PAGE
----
This will be the last plot where I will add one more function that will add a custom function to add the 90th quantile in the bar. The steps_per_period equal to 3 means, it takes three steps to go to the next frame. If you notice by the time a month changes in the bottom right corner label, the bars moved three times and you can see how they overlap and slowly change their position.

`def func(values, ranks):    return values.quantile(0.9)bcr.bar_chart_race(df=pv_monthgr,filename="bar_race5.gif", filter_column_colors=True,                   cmap='prism', sort = 'desc', n_bars = 15,                   steps_per_period=3, period_length = 2000,                   bar_size = 0.8,                   period_label={'x': .99, 'y':.15, 'ha': 'right', 'color': 'coral'},                   bar_label_size = 6, tick_label_size = 10,                   bar_kwargs={'alpha':0.4, 'ec': 'black', 'lw': 2.5},                   title='Sales By Months',                   period_summary_func=summary,                   perpendicular_bar_func=func,                   figsize=(7, 5)                  )`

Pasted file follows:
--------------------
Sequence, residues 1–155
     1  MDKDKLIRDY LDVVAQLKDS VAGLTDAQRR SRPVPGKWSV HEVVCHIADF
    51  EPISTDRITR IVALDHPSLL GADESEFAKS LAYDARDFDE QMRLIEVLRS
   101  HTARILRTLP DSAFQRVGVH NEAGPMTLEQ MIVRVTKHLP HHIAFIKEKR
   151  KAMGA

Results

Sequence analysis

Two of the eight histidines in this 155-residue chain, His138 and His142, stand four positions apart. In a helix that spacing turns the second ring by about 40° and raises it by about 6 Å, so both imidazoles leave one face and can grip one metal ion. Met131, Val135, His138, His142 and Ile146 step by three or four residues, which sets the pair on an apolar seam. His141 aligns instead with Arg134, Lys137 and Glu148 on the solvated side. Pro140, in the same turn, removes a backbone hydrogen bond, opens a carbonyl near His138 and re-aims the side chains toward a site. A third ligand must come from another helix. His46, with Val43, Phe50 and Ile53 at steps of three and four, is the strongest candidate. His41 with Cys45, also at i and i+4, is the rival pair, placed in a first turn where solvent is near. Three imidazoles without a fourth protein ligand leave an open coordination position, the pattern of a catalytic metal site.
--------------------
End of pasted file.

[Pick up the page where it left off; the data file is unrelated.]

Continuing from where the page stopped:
If you like vertical bars instead of horizontal ones, please use orientation=’v’. I prefer horizontal bars.

Please feel free to try out some more style options or different functions for the summary or the perpendicular bar.

You may also want to try different colors, fonts, font sizes for labels and ticks

## Conclusion

Though some people may argue that a simple bar plot shows the information more clearly. I agree with that too. But still, it is good to have some interesting plots like this in the collection. As you can see how each month the ranking of the states is changing as per the sales data, and how the mean sales or 90th quantile is moving. You cannot get a feel of this type of change using a still plot. Also, if you have some interesting-looking plots, it grabs attention.